Symphony for the City of the Dead : Dmitri Shostakovich and the Siege of LeningradBy
“This ambitious and gripping work is narrative nonfiction at its best. . . . The book has all the intrigue of a spy thriller. . . . A must-have title with broad crossover appeal.” — School Library Journal (starred review)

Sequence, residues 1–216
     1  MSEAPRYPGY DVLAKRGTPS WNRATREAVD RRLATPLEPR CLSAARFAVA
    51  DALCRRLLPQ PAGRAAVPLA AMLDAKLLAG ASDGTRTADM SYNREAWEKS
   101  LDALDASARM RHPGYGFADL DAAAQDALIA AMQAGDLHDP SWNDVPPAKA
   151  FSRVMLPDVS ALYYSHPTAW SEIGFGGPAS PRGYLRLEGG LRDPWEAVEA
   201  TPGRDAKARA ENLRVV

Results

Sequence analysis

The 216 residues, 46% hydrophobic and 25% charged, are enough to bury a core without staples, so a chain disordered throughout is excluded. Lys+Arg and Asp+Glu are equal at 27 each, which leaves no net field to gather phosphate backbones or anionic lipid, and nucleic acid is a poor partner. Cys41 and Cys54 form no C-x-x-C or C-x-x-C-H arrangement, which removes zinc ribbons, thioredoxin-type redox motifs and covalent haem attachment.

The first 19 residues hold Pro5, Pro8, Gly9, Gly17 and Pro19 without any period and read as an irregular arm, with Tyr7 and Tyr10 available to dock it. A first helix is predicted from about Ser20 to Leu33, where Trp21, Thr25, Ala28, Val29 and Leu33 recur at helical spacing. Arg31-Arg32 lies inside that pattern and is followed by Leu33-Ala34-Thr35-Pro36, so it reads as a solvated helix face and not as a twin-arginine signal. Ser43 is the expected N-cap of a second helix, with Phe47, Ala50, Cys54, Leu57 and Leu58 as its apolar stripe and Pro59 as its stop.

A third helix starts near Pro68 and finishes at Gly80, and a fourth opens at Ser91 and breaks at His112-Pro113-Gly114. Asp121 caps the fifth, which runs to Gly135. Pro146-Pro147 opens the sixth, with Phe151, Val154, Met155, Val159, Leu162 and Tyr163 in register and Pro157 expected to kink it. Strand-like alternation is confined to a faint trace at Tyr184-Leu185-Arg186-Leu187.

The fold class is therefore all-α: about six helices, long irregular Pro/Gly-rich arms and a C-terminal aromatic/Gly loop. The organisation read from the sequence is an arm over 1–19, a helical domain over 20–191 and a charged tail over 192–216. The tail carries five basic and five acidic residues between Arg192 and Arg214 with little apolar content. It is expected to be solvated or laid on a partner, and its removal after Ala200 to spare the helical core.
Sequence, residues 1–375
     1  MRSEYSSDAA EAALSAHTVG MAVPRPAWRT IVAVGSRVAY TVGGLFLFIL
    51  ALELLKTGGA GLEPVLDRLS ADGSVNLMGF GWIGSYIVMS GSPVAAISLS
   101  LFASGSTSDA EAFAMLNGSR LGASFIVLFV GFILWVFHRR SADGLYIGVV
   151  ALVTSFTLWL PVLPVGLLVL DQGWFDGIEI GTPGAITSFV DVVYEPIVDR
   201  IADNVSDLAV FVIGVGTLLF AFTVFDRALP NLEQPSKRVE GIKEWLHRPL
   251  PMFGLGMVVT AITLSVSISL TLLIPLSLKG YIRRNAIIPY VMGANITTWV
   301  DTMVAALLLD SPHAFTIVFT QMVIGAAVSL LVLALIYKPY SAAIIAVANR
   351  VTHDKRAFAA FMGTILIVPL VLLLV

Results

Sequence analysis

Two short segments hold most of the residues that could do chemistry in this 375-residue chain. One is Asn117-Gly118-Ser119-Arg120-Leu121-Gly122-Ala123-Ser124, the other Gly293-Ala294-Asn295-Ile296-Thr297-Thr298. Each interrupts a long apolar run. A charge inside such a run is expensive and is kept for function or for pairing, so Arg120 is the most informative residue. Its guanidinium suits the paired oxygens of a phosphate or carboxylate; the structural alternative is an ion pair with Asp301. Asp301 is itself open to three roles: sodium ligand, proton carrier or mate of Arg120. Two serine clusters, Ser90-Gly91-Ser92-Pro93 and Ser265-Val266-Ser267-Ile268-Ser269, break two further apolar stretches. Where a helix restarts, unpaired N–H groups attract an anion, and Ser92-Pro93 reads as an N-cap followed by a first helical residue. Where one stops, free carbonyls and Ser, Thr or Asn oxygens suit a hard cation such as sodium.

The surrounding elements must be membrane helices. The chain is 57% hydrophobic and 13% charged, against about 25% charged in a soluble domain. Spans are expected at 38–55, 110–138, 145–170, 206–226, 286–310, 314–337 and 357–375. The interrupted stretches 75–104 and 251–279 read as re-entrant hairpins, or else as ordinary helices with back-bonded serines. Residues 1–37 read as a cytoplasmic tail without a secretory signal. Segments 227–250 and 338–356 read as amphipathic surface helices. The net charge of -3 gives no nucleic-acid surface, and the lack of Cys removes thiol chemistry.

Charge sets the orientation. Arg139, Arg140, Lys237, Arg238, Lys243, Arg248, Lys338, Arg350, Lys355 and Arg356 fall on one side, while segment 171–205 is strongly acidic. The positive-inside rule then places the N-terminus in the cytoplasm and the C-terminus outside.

In September 1941, Adolf Hitler’s Wehrmacht surrounded Leningrad in what was to become one of the longest and most destructive sieges in Western history—almost three years of bombardment and starvation. Trapped between the Nazi invading force and the Soviet government itself was composer Dmitri Shostakovich, writing a symphony to rouse, rally, eulogize, and commemorate his fellow citizens: the Leningrad Symphony. This is the true story of a city under siege, the triumph of bravery and defiance in the face of terrifying odds. It is also a look at the power—and layered meaning—of music in beleaguered lives. Symphony for the City of the Dead is a masterwork thrillingly told and impeccably researched by National Book Award–winning author M. T. Anderson.